Change urged in analgesic prescriptions

Feb 28, 2007

The American Heart Association wants U.S. physicians to change the way they prescribe analgesics for patients with, or at risk for, heart disease.

The association said it based its recommendation on evidence that non-steroidal anti-inflammatory drugs, with the exception of aspirin, increase heart attack and stroke risks.

"We believe some physicians have been prescribing the new COX-2 inhibitors as the first line of treatment," said Dr. Elliott Antman, lead author of the association's statement and a professor at Harvard Medical School. "We are ... saying that, for chronic pain in patients with known heart disease or who are at risk for heart disease, these drugs should be the last line of treatment."

The AHA suggested physicians consider acetaminophen, aspirin and even short-term use of narcotic analgesics as the first step.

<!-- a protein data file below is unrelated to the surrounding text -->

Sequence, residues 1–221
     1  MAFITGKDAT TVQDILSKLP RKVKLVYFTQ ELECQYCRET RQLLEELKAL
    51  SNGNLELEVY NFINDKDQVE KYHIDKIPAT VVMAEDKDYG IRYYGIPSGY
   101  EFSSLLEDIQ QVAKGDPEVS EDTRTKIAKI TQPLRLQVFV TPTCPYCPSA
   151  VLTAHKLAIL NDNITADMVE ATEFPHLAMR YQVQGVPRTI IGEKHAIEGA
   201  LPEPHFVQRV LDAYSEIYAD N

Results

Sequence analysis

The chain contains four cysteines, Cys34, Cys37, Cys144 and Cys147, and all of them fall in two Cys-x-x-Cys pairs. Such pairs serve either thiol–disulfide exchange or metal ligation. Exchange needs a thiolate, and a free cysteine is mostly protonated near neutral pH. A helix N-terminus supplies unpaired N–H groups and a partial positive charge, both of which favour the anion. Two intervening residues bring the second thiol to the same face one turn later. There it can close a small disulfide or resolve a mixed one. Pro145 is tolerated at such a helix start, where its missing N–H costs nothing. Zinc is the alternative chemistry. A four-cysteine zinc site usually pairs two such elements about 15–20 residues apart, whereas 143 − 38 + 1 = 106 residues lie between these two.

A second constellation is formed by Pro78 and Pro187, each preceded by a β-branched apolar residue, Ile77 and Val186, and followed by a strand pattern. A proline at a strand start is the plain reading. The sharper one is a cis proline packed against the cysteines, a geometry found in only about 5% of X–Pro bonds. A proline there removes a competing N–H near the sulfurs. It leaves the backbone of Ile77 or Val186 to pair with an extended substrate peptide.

"If further relief is needed, physicians should suggest the least selective COX-2 inhibitors first, moving progressively toward more selective COX-2 inhibitors, which are at the bottom of the list, only if needed," the association said, noting all drugs should be used at the lowest dose necessary.

The full position statement appears in the journal Circulation.

Copyright 2007 by United Press International

Explore further: Most US babies get their vaccines, CDC says

add to favorites email to friend print save as pdf

Related Stories

A new century of Alzheimer's disease research

Jul 25, 2007

Imagine the day when a routine visit to the family doctor includes a simple blood test to predict the risk for developing Alzheimer’s disease (AD). If the test returns a worrisome result -- too many sticky brain proteins ...

Recommended for you

Most US babies get their vaccines, CDC says

21 hours ago

(HealthDay)—The vast majority of American babies are getting the vaccines they need to protect them from serious illnesses, federal health officials said Thursday.

Expression of privilege in vaccine refusal

Aug 27, 2014

Not all students returning to school this month will be up to date on their vaccinations. A new study conducted by Jennifer Reich, a researcher at the University of Colorado Denver, shows that the reasons why children may ...

User comments : 0